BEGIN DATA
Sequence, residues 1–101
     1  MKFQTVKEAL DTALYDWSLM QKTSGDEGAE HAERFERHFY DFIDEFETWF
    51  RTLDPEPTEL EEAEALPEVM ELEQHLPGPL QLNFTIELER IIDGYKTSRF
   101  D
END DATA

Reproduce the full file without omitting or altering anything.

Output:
Sequence, residues 1–101
     1  MKFQTVKEAL DTALYDWSLM QKTSGDEGAE HAERFERHFY DFIDEFETWF
    51  RTLDPEPTEL EEAEALPEVM ELEQHLPGPL QLNFTIELER IIDGYKTSRF
   101  D